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I'm with Jackson... That stream must have changed greatly! We estimate that the depth of the pool would at least be to our heads. To get around it, my friend went through without his pack while I crawled on the ledge above and lowered our packs down to him. I then followed him through.

upload_2018-3-30_14-24-4.png



upload_2018-3-30_14-29-45.png





Also, you can't follow Maimie Creek from its confluence in Death Hollow up to the natural bridge. If you try, you will run into the wall shown below. You can see the small trickle of the stream coming down.- To get to the natural bridge, you need to exit Death Hollow on the Boulder Mail Trail way above the confluence.

upload_2018-3-30_14-29-24.png




And to answer a few more of your questions -
-There are ample camping sites where you drop down into Death Hollow.
-When I went during the first week of May, poison ivy was unavoidable, plan to walk through it at some point.
-We brought neoprene socks and thought that was definitely worth it. The water can be cold and the socks help keep your feet from getting blisters or hurt by small rocks that sneak into your shoes.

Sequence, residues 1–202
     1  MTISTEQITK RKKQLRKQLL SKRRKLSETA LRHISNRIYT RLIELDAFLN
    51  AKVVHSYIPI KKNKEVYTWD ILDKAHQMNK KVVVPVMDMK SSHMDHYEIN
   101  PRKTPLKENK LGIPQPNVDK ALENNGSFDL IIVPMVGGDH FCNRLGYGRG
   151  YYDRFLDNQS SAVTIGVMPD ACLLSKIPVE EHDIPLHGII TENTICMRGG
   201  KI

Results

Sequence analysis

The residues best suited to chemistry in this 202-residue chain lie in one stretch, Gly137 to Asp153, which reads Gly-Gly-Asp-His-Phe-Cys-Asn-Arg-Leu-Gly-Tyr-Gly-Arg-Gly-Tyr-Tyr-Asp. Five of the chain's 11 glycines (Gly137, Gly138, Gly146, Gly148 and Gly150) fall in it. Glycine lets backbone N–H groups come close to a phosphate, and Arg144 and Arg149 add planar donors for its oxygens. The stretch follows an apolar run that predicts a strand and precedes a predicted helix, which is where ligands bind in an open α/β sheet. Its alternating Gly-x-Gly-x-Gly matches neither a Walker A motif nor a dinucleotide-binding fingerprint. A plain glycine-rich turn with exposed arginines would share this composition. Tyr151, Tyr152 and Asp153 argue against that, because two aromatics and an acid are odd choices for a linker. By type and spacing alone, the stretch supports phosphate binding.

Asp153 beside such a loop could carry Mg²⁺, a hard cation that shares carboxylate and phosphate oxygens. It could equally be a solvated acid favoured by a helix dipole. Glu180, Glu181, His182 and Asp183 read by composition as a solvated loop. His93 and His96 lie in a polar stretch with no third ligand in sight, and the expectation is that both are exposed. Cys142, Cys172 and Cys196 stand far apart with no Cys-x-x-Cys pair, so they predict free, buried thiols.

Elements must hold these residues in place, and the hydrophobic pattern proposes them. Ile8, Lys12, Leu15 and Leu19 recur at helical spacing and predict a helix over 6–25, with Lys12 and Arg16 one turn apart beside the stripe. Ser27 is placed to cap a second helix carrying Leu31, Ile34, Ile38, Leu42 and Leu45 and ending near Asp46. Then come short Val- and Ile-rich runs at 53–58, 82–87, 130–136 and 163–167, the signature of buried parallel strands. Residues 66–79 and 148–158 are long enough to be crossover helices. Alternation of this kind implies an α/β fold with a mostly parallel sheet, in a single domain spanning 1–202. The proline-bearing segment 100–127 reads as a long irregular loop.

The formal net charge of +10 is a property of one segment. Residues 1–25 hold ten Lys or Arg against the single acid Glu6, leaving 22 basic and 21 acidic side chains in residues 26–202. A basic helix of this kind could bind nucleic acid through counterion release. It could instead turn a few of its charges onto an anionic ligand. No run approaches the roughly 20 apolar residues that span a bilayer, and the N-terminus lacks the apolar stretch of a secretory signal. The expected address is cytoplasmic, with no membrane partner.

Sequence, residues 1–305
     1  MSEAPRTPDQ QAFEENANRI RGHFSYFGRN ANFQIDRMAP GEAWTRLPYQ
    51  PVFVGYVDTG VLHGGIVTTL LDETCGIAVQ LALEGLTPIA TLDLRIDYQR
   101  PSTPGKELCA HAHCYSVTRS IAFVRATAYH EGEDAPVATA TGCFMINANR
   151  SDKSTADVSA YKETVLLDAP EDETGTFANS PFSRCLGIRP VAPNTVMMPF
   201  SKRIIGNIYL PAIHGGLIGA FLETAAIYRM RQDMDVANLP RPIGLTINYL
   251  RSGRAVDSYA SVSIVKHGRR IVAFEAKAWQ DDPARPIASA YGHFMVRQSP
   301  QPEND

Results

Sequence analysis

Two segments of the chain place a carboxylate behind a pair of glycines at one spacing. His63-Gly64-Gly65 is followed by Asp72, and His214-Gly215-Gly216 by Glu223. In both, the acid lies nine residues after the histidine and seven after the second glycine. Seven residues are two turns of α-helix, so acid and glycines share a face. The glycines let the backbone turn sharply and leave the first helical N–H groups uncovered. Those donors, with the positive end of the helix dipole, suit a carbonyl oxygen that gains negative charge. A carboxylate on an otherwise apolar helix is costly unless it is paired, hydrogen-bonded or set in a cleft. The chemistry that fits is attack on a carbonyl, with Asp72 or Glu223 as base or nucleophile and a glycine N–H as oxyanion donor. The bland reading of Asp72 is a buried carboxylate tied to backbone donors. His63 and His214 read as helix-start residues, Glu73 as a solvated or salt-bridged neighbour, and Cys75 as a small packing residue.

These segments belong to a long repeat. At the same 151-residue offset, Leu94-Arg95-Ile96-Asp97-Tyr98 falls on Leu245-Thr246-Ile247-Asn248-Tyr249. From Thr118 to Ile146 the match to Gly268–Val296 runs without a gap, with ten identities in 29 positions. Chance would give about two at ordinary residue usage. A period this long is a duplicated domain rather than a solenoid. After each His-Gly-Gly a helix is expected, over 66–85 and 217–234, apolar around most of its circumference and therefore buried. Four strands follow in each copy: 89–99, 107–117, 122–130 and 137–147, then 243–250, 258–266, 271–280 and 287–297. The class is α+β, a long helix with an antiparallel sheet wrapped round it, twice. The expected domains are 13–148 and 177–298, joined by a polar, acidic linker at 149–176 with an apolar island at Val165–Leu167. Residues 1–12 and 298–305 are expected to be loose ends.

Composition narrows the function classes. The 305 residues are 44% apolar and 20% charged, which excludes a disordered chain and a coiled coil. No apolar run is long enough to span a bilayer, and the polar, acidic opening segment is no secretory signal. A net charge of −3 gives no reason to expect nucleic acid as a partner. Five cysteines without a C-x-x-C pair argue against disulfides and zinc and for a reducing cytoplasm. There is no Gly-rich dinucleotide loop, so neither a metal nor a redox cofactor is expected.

Kyle
 

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RyanP

Formerly bob32
Joined
Mar 1, 2015
Messages
100
Thanks Kyle! I knew someone here would have explored Mamie Creek as far up as you can go from death hollow... Looks like we definitely won't be trying that loop dayhike after all! This trip sounds awesome, except for the poison ivy (but I guess that's what keeps the crowds down?)
 

Jackson

I like to go outside.
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Joined
May 31, 2015
Messages
1,749
I'm with Jackson... That stream must have changed greatly! We estimate that the depth of the pool would at least be to our heads. To get around it, my friend went through without his pack while I crawled on the ledge above and lowered our packs down to him. I then followed him through.

View attachment 63052


View attachment 63056




Also, you can't follow Maimie Creek from its confluence in Death Hollow up to the natural bridge. If you try, you will run into the wall shown below. You can see the small trickle of the stream coming down.- To get to the natural bridge, you need to exit Death Hollow on the Boulder Mail Trail way above the confluence.

View attachment 63055



And to answer a few more of your questions -
-There are ample camping sites where you drop down into Death Hollow.
-When I went during the first week of May, poison ivy was unavoidable, plan to walk through it at some point.
-We brought neoprene socks and thought that was definitely worth it. The water can be cold and the socks help keep your feet from getting blisters or hurt by small rocks that sneak into your shoes.

Kyle
Maybe I'm not crazy! Now I need to go back there and test it out.